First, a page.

The fundamental question still remains - why is Council continuing to push a project, which is linked to the creation of the Oval car park, when residents have clearly stated they don't want it and want to retain the more convenient location for parking. In addition, independent due diligence reports have clearly confirmed that the site would only be viable for developers if Council made the site suitable for the "biggest and best" use scenario
As Warringah Council pushes for One Northern Beaches Council, citing major savings should Manly, Warringah and Pittwater merge into one mega Council; Manly and Pittwater remain firm that they want to make it alone, stating they meet the criteria, except for population size, to do so.
Warringhah commissioned SGS Economics and Planning Pty Ltd to undertake an analysis on forming one mega Northern Beaches council. Manly & Pittwater commissioned KPMG to put their case that remaining independent was viable. The result has been that both reports tend to contradict each other. So who is right? Well it would seem to depend on which financial basis you have used.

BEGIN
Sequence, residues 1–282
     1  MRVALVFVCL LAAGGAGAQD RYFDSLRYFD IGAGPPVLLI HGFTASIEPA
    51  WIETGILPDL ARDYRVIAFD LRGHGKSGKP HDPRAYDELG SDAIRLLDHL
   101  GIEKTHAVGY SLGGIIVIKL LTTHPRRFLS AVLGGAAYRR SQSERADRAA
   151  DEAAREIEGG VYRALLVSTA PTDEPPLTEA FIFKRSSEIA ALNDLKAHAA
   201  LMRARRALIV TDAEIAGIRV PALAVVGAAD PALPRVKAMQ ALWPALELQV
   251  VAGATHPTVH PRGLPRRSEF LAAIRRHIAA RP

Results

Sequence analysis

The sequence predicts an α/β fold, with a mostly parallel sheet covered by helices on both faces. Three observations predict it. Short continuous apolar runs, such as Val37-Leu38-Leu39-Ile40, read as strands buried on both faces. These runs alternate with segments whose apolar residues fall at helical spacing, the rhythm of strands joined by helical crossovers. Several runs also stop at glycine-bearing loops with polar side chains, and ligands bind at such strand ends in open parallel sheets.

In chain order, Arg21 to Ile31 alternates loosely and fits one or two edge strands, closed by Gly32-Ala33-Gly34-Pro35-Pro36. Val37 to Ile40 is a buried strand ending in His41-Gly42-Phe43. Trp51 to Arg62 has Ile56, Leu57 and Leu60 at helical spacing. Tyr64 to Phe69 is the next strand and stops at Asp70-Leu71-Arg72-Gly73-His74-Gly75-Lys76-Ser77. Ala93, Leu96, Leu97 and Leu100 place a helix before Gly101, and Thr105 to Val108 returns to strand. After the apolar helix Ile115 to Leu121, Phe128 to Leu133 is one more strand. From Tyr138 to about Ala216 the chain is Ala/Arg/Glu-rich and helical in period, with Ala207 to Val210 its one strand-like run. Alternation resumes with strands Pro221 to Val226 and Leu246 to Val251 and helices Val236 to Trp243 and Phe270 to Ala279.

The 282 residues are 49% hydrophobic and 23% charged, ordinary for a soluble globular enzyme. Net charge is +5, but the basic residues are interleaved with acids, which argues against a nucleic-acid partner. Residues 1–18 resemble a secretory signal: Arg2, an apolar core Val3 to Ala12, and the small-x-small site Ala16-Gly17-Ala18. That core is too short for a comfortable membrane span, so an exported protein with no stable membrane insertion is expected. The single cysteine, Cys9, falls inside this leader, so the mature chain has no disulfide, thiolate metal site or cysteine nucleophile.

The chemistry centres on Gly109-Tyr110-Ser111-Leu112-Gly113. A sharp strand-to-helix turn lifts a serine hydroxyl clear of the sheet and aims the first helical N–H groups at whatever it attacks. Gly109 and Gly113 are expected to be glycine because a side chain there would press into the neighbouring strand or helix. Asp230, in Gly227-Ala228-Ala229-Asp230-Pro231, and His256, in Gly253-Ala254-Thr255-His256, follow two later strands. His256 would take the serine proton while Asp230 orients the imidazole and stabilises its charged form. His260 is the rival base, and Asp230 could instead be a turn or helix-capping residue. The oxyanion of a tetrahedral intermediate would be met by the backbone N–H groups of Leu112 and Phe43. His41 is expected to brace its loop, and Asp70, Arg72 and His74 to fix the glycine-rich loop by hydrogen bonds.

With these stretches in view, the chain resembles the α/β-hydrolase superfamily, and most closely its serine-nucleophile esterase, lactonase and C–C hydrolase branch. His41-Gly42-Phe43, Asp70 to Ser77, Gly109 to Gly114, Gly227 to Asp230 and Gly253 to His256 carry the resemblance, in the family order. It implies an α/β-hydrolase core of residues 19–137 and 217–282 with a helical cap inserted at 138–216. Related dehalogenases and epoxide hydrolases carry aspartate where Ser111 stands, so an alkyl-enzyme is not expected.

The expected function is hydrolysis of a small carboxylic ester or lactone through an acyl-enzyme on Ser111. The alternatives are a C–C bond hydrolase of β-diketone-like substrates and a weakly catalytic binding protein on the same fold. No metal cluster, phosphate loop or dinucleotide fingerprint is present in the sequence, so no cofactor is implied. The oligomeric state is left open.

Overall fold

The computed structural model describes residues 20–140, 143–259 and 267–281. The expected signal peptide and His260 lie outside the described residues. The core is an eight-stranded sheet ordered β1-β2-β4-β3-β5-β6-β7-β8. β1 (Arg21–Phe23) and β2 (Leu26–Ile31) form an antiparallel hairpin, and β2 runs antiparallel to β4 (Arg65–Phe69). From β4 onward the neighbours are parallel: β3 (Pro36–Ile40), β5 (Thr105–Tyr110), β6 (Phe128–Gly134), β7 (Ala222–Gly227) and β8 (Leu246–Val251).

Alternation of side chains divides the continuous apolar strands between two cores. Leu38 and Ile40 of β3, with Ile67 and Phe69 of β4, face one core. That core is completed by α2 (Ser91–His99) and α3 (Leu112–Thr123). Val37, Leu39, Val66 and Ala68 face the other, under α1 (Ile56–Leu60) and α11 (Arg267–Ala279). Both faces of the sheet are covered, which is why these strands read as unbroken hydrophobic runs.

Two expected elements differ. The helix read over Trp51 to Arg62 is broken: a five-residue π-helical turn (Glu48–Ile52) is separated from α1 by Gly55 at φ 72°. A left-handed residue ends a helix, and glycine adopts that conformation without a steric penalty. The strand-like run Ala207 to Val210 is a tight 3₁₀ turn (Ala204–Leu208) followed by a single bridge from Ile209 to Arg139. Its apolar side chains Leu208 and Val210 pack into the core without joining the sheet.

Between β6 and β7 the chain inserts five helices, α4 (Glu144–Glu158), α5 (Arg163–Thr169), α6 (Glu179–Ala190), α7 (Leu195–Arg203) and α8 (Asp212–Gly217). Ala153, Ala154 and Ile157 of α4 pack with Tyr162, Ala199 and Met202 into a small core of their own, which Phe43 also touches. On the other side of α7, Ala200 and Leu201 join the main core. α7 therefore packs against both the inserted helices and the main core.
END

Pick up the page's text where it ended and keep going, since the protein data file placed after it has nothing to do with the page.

With the assistance of Stephen Beckenridge, FAC; M Tax; MA, Good for Manly has reviewed both reports and a summary is below.
Recently the State Government announced that NSW Independent Pricing and Regulatory Tribunal (IPART) has been appointed with the task of reviewing Council submissions due to lodged by June 30, however the criteria still does not seem clear. For example, are Councils required to have a population of around 250,000 to be "Fit For the Future"?
The real question remains however, what price can you put on true local government? While it can be argued that bigger provides potential cost savings, the true strength of local government is that is it just that, local. By creating mega Councils aren't we effectively just creating another regional, rather than local, administrative body?